By Robert Earle
The gathering darkness fell like a soft rain joining the earth and the sky. You might think you could scoop up the summer evening with your hands and drink it. By straining his eyes, Jay saw swooping bats. Along came the fireflies. Chittering crickets drowned the sound of the plashing stream where he’d caught two trout that morning. They stopped biting when Eleanor joined him. He knew her orange sweater would spook the trout. He waded out of the stream because she’d brought him coffee. Fishing over.
“Lorrie still asleep?” she had asked.
“She sleeps until eight.”
“I couldn’t ever do that.” She looked as though she hadn’t slept in years, her face a sculptor’s clay mock-up of crevasses and life-bruises and mud-slide flesh.
It was one of the first straightforward things she’d ever said to him about herself. Most of her remarks were ironic distractions and unintelligible grumbles. When she said “Oh, cherry pie! I love cherry pie!” it meant she hated cherry pie. When she said, “Yes, let’s go to the store down the road and see what they have,” it meant she hated the country store with its tin-patched wood floor and racks of bandanas and cans of beans and tins of chewing tobacco and stacks of stale peanut butter crackers. But the fact that she couldn’t sleep was really her.
She pretended to be interested in his two trout. “What are you going to do with them?”
“Fry them for breakfast.”
“I’ll bet Steve would eat one. On vacation he does all this stuff he’d never do.”
“But you wouldn’t?”
Her smile furrowed her well-plowed cheeks and made the wrinkled skin on her forehead tighten up to her red hairline. “I like my trout raw. Chewier that way.”
“Why couldn’t you sleep?”
“Too many visions of snakes under the bed. Ugh, Vermont. Shouldn’t you be hiking through brambles and risking your life on some muddy river bank to get your fish?”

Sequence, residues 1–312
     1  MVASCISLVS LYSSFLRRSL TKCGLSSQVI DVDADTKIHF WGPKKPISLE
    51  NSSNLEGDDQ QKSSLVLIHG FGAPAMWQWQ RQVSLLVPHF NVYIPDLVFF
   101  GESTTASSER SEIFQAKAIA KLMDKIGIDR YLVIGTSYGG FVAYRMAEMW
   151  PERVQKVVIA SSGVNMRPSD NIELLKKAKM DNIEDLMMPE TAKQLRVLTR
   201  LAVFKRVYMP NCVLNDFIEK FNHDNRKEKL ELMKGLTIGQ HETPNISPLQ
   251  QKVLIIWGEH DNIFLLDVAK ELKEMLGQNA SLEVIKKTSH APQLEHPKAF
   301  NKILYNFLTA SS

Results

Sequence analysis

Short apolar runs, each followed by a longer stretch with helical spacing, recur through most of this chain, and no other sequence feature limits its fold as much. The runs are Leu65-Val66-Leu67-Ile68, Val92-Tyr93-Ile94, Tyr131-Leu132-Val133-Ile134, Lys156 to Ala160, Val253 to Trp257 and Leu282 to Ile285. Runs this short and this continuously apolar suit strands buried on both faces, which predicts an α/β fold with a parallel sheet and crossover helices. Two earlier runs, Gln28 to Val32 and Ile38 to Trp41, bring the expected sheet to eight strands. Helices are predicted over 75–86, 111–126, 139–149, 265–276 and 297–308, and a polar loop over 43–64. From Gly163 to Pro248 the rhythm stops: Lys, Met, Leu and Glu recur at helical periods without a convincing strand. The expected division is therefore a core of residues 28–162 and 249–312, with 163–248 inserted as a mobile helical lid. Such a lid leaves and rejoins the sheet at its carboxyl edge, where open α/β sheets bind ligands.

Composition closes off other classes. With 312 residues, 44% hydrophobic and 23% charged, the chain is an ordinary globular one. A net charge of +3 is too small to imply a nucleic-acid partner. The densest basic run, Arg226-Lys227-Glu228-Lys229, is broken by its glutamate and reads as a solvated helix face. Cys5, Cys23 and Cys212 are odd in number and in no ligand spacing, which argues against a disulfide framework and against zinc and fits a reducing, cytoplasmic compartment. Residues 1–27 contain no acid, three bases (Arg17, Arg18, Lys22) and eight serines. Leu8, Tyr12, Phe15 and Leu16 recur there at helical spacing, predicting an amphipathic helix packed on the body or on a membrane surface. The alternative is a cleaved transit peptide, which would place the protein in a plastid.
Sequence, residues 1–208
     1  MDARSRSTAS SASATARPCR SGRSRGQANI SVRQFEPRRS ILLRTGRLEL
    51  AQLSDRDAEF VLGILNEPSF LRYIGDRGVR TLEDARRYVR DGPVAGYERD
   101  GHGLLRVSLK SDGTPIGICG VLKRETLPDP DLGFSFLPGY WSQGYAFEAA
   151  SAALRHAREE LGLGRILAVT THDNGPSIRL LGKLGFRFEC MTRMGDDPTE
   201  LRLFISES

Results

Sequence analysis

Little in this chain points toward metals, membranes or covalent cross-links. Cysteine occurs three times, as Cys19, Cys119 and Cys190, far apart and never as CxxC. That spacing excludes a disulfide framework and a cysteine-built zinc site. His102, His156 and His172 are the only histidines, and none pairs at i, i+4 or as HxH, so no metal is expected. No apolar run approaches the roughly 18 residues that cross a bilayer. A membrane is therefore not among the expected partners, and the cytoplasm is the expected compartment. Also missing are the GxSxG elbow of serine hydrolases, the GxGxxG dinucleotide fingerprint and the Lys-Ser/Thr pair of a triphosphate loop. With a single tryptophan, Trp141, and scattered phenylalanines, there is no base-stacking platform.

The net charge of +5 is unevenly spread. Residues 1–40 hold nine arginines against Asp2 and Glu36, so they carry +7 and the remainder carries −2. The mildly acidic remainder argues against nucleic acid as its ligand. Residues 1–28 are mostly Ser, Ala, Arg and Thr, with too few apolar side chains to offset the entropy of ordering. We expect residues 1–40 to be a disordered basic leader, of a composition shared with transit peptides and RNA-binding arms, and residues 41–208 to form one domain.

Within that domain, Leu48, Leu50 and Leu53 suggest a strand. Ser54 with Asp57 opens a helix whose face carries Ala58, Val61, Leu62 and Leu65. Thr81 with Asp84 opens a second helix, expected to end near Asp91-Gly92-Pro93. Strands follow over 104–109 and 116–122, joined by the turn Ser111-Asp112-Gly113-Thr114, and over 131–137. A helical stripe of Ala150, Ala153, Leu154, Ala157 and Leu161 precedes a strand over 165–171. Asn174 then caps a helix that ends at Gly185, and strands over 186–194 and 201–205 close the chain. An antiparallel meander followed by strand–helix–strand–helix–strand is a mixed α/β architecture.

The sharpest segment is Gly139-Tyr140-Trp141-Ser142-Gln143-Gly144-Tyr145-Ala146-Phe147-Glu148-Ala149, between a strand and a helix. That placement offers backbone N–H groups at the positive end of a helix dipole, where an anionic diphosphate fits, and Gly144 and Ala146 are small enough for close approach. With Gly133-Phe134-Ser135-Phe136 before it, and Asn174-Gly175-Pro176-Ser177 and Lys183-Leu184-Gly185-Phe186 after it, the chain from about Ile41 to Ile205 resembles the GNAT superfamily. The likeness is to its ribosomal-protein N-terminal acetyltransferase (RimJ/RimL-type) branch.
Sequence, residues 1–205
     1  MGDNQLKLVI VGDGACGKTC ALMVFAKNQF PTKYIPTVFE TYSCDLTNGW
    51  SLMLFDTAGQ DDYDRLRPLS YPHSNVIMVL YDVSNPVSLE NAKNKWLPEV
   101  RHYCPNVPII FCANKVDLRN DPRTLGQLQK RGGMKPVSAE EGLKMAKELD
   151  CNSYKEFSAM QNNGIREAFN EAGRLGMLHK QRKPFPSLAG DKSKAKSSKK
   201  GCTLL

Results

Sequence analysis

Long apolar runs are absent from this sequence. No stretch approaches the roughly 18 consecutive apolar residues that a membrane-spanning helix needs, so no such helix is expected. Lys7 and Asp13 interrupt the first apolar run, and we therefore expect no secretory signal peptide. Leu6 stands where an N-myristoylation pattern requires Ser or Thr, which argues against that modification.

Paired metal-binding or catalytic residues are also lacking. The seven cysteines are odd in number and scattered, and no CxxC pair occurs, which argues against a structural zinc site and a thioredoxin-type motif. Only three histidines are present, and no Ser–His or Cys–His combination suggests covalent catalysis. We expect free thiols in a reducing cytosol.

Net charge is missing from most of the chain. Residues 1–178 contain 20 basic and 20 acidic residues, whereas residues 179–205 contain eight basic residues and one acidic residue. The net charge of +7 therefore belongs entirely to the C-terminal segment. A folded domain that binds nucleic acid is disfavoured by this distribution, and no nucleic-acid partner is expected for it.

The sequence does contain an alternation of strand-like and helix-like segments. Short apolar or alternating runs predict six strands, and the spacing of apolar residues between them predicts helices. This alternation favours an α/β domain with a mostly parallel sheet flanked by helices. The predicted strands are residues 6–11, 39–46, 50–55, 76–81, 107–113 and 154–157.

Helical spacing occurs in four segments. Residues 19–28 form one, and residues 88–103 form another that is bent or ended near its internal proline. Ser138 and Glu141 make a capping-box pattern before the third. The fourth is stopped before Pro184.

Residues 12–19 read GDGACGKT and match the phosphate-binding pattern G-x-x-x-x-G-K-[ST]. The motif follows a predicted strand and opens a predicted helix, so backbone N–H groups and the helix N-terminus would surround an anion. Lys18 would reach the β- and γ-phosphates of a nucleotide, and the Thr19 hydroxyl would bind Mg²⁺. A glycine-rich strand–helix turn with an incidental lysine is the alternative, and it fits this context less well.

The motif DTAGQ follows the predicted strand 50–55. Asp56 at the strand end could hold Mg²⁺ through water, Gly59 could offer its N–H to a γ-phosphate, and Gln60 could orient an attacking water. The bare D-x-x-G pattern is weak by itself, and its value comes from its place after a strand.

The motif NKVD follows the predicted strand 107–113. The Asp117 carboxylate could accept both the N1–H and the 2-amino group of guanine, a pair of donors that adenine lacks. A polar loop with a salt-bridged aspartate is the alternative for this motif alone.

“Not if you pay three thousand dollars rent a week. Then you fish out your back door.”
“God a‘mighty it’s boring out here.”
“Steve like it?”
“When Steve spends money doing something, he likes it whether he likes it or not. He’ll eat one of those trout and hate every bite of it and smile as he swallows.”
“What do you like?”
“Lorrie and I are going antiquing if she ever gets up.”
He had lain awake in the darkness between three and four-thirty himself. He had wanted to get so tired the day before that he would sleep well, but the bike ride with Steve had failed. Steve couldn’t peddle up the endless Vermont hills.
“I’m too old for this. Isn’t there a bar anywhere around here?”
He helped her off her boulder and went to the $3,000 per week house where he lay his fish on the back stoop and gutted them. Inside she gave him more coffee and said, “I’m keeping my distance,” as he fried the fish and some potatoes and onions in a large cast iron skillet.
Steve came in wearing the sheep head’s costume that had become his white hair and beard. “Hey, fish!”
“You hate fish,” Eleanor said.
“What do you mean I hate fish? I do out of the supermarket, not the water.” He groaned, stretching. “No biking for me today.”
“Want to walk some instead?” Jay asked.
“What a novel idea,” Eleanor said.
“Maybe I’ll follow the girls around antiquing,” Steve said, always eager to spend time in Lorrie’s company.
“Not if you value your life,” Eleanor said.
Jay sat on the porch in the evening, reflecting on how the day had unfolded after that. He’d lain on a very soft, velour-covered sofa in the library reading an ancient volume of ‘The World as Will and Idea’ by Schopenhauer, one of those inexplicable books cached on the shelves of high-priced vacation rentals all over America. Steve brought in two glasses of wine. 10am. The aging men toasted one another. Jay tried to return to his book, but Steve wanted to talk real estate. Jay asked who needed more money.
Steve brushed him off. “Come on, man, it’s a game. What could we buy around here that would make money? Don’t think this house makes money?”
Jay felt like a trout trapped between two rocks, the wine he didn’t want and Steve’s company. He didn’t answer. He had no idea what they could buy in Vermont that would make money.
“All right, you understand stuff like that?” Steve asked, meaning Schopenhauer.
“Barely. Forty years since I read him in college. The great pessimist, all of us driven by a Will we can’t affect or understand.”
They’d been freshmen roommates, Jay feeling he was finished with life, Steve eager to get started.
“I have to make some calls,” Steve said. “Okay if I do it here?”
Jay said, “Sure, I’ll listen.”
“That wasn’t what I meant. Keep reading, professor.”